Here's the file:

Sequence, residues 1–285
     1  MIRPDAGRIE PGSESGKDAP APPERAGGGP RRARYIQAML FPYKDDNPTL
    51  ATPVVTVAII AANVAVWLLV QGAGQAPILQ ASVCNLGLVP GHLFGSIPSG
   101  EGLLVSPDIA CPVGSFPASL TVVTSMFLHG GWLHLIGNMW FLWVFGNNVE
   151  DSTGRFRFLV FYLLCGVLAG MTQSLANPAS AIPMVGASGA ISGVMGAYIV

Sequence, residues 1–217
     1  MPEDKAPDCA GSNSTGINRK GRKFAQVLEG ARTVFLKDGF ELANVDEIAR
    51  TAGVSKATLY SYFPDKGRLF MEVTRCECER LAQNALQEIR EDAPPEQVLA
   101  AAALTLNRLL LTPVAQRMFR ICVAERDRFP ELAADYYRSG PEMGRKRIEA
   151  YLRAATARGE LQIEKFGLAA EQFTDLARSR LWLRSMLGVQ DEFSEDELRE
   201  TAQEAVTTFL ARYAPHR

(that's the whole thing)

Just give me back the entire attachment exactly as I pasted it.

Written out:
Sequence, residues 1–285
     1  MIRPDAGRIE PGSESGKDAP APPERAGGGP RRARYIQAML FPYKDDNPTL
    51  ATPVVTVAII AANVAVWLLV QGAGQAPILQ ASVCNLGLVP GHLFGSIPSG
   101  EGLLVSPDIA CPVGSFPASL TVVTSMFLHG GWLHLIGNMW FLWVFGNNVE
   151  DSTGRFRFLV FYLLCGVLAG MTQSLANPAS AIPMVGASGA ISGVMGAYIV

Sequence, residues 1–217
     1  MPEDKAPDCA GSNSTGINRK GRKFAQVLEG ARTVFLKDGF ELANVDEIAR
    51  TAGVSKATLY SYFPDKGRLF MEVTRCECER LAQNALQEIR EDAPPEQVLA
   101  AAALTLNRLL LTPVAQRMFR ICVAERDRFP ELAADYYRSG PEMGRKRIEA
   151  YLRAATARGE LQIEKFGLAA EQFTDLARSR LWLRSMLGVQ DEFSEDELRE
   201  TAQEAVTTFL ARYAPHR